The stories about Meng are legendary. Which one have you heard? Was it the time he pulled out a wrestler’s eye? How about when he bit off the nose of a person who messed with him? Perhaps it was when he cleared out a bar because the patrons were saying racist comments to the hulking grappler? Or was it when he and Chris Jericho took on the police in a Mexican airport? There are so many stories about Meng/Haku/King Tonga, that you know there must be a kernel of truth to them. One thing is for sure, few people would want to raise the ire of Meng. Perhaps it is this tough exterior that makes it humourous to envision Meng as a tough softy and that is who we see in the online comic Meng and Me.
Meng and Me (mengandme.thecomicseries.com) is a fun and fictional look at the wrestler during his time in WCW. It is his relationship with Eric Bischoff that is highlighted in the series and what would Meng do if he really was the savage he portrayed on television.
Creator of the series, Mike VanSlyke, has been a fan of wrestling ever since he happened to be flipping channels as a five year old in Oneida, New York. On that day he saw the image of the humongous Andre the Giant fill the screen and he was instantly hooked. It lead him to take up the sport of kings and he wrestles throughout the North Eastern United States and Japan as Brute VanSlyke.
The move from professional wrestler to comic strip creator does not seem to be on the “connect the dot” trajectory, but the series came about after a bull session with his colleague Dick Justice.
“Like most things it was late at night and we were delirious and tired and just trying to make our way home from the show we were on without falling asleep and dying,” said Justice. “We had just read a list online of the “top crazy Meng stories” so we started envisioning different conversations he would have backstage, which led to him saying some outlandish and funny things as the trip went on.”
Later they watched Meng matches from WCW. There was a match where Meng beat the Giant for four minutes and then the Giant beat him with a choke slam. It wasn’t just the brevity of the match or how one-sided the match was, but it was the ferocity of Meng’s super kick to the Giant’s face that caught their attention. The friends began to joke that Meng asked Eric Bischoff for the match just to kick the big grappler in the mush.
“The next match was Meng vs Goldberg for the title,” recalled VanSlyke. “So we started joking that Meng went to Eric was said he wanted to wrestle for the title even though he wasn’t a main eventer. We started doing these deep voices and making up stories pretending to be Meng and going, ‘Hey Eric….’ This joke kept evolving until finally Dick was like, hey make this a comic.”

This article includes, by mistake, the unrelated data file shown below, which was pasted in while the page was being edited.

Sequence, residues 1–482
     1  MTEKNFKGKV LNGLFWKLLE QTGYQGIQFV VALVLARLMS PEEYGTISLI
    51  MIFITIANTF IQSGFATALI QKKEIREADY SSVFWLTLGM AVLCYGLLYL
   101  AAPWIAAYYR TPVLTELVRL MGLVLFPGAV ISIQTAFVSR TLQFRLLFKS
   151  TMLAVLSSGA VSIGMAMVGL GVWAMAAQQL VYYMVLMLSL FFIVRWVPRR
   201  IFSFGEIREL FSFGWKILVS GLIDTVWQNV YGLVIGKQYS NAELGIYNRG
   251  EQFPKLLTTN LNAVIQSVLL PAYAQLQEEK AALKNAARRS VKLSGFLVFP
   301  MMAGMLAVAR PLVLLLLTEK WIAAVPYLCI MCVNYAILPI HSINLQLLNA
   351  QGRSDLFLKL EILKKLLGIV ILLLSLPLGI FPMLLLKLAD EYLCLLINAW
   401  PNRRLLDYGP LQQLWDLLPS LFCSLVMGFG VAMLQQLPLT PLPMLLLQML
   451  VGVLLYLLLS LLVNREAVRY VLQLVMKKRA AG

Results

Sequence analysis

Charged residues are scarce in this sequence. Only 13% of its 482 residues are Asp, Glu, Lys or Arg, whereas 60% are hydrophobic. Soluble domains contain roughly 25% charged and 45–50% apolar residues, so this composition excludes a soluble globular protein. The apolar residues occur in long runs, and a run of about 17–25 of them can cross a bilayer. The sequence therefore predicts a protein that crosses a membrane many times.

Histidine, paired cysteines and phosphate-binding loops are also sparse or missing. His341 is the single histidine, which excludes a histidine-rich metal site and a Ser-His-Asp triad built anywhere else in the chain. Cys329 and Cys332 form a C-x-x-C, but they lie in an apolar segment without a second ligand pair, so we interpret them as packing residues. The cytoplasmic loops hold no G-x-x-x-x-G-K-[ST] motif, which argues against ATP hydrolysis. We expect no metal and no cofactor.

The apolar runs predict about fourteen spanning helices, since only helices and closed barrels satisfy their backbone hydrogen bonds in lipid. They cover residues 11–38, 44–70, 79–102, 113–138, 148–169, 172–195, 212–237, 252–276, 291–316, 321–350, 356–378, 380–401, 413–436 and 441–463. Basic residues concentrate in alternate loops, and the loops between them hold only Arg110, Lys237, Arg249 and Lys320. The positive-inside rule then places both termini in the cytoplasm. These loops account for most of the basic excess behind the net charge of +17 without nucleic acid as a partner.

VanSlyke does not have any formal training as an artist. The simple pictures of Meng and Bischoff are perfect for the fun stories that are presented. For example, Meng finds Bischoff and laments to his friend that he has missed him. Bischoff admits that he was in a meeting and yes, it was long. Meng then introduces his pal to his tiny friend that fits in the palm of his hand. The new pal is called squishy, but the boss quickly points out that it is Rey Mysterio.
The comic strip is fun and the situations are completely off the wall. “I am kind of doing it for fun to entertain the boys and myself,” said VanSlyke. Meng and Bischoff have not contacted him, but he is curious about their thoughts on the series. “I am really interested in hearing their thoughts on it,” said VanSlyke.
“I just want to have some fun with it,” said VanSlyke. “Colt Cabana once said he started doing his podcast so the boys had something to listen to on the road, so it would be cool if some guys out there enjoyed it enough to check it out and be in the locker room going, ‘Hey did you see this last Meng and Me?’ Who knows how long this will go but I hope people enjoy it while it does.”
Caleb Smith tried phoning Meng twice and was convinced the Tongan grappler would reach through the telephone and punch him. Thankfully, this did not happen.